Step 3 – Load the data into Excel

    • Power Query queries are loaded to a worksheet by default.
    • However, you can choose to save a query as a connection only by selecting Load To – Only Create Connection. This query can be used in other Queries eg in Merge or Append, and by other Excel features eg it can be used as datasource for a Pivot Table.

Step 4 – Click and refresh to retrieve new data

    • When data source(s) are updated, just click Refresh to retrieve and transform new data.
    • No copy & paste of data from other files.
    • No worry about formulas being deleted or ranges being moved.
    • All transformations are safely contained inside the Query.

Bonus: Power Query is also in Microsoft Power BI

    • Power Query has been integrated into Power BI as the “Get Data” feature.
    • Has the same functionality and features as the Power Query in Excel.
    • Same programming language ‘M’.

 

Excel Power Query tutorial using Canadian potato production statistics

This data comes from Statistics Canada.

1

Statistics Canada download pages often provide the opportunity to modify the data structure and content before it is downloaded.

For example clicking on the [Add/Remove data] link provides options select different groupings of data by provinces. I choose to group data by provinces.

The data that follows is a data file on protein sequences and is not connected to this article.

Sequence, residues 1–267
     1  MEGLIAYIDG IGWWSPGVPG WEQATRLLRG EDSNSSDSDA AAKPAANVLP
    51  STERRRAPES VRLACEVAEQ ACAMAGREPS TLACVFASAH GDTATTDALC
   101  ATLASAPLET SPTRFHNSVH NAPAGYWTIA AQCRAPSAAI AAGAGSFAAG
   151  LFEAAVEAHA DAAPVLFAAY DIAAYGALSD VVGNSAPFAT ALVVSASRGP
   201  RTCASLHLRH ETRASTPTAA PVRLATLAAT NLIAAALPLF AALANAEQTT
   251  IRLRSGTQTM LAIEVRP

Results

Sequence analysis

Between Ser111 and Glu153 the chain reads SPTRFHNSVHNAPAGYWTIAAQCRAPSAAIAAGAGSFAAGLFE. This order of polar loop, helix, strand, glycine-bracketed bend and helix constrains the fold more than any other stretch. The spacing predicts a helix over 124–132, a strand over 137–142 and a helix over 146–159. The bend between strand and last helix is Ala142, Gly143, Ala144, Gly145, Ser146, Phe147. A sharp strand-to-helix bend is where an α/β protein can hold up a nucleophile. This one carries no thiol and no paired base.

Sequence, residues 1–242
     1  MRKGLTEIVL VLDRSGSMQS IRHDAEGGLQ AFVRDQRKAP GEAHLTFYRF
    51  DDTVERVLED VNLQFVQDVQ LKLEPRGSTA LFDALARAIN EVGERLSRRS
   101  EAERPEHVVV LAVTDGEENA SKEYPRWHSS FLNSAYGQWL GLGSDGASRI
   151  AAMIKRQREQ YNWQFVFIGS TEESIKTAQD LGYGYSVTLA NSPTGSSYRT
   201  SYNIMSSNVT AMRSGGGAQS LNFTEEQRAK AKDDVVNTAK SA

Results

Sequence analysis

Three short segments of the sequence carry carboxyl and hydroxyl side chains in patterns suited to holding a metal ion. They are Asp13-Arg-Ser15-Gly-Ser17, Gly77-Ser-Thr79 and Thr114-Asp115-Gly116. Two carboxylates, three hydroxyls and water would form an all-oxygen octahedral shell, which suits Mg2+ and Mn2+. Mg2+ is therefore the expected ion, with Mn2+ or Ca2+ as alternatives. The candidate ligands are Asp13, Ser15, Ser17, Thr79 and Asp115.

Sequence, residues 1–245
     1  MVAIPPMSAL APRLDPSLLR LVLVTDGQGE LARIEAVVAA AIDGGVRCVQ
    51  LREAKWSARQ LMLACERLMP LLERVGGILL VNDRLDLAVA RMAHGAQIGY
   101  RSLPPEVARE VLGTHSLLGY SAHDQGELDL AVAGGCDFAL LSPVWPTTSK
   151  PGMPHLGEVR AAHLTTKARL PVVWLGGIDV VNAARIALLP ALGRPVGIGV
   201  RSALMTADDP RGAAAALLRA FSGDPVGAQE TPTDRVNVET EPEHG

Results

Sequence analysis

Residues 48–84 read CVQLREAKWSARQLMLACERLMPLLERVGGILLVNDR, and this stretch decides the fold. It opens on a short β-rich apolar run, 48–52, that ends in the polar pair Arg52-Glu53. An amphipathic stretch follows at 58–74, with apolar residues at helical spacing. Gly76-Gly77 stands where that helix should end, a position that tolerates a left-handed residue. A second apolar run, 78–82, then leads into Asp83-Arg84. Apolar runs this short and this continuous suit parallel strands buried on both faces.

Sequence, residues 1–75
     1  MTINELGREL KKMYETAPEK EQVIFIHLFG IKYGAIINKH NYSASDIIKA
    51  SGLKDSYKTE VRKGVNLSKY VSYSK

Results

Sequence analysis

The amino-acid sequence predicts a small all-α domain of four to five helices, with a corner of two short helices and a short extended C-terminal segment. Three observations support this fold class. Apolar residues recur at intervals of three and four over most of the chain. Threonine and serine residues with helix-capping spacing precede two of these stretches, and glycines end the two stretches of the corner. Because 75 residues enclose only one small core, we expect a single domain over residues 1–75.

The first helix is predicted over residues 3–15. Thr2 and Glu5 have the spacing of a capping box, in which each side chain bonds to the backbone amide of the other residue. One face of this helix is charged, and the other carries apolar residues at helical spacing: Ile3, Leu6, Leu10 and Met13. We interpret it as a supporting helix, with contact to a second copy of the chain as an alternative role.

2

I also limited the content to only yield and production. There are other metrics available though they are often differing presentations of the data eg relative amounts by category etc.

3

I selected option to download the data as a csv formatted text file.

This csv file data had to be transformed before it could be used for analysis.

Statistics Canada often includes non-data text such as report titles and descriptions in the first rows of text files and footer notes in rows below the actual data.

toptext

Before we can work with this data these title and footer rows have to be removed.

For this job I used Excel Power Query which can do the ETL. It can extract the data from the csv file, transform the data to a format that is amenable to analysis and load the data into a worksheet (or model) so it can be used for analysis.

Power Query has capabilities and features that match those of many more advanced ETL / integration software such as SSIS, Talend, Informatica, etc.

I have been encouraging and providing training to Excel users to move all of their ETL work in to Power Query. It brings the advanced capabilities of these tools to the relatively non technical desktop business user.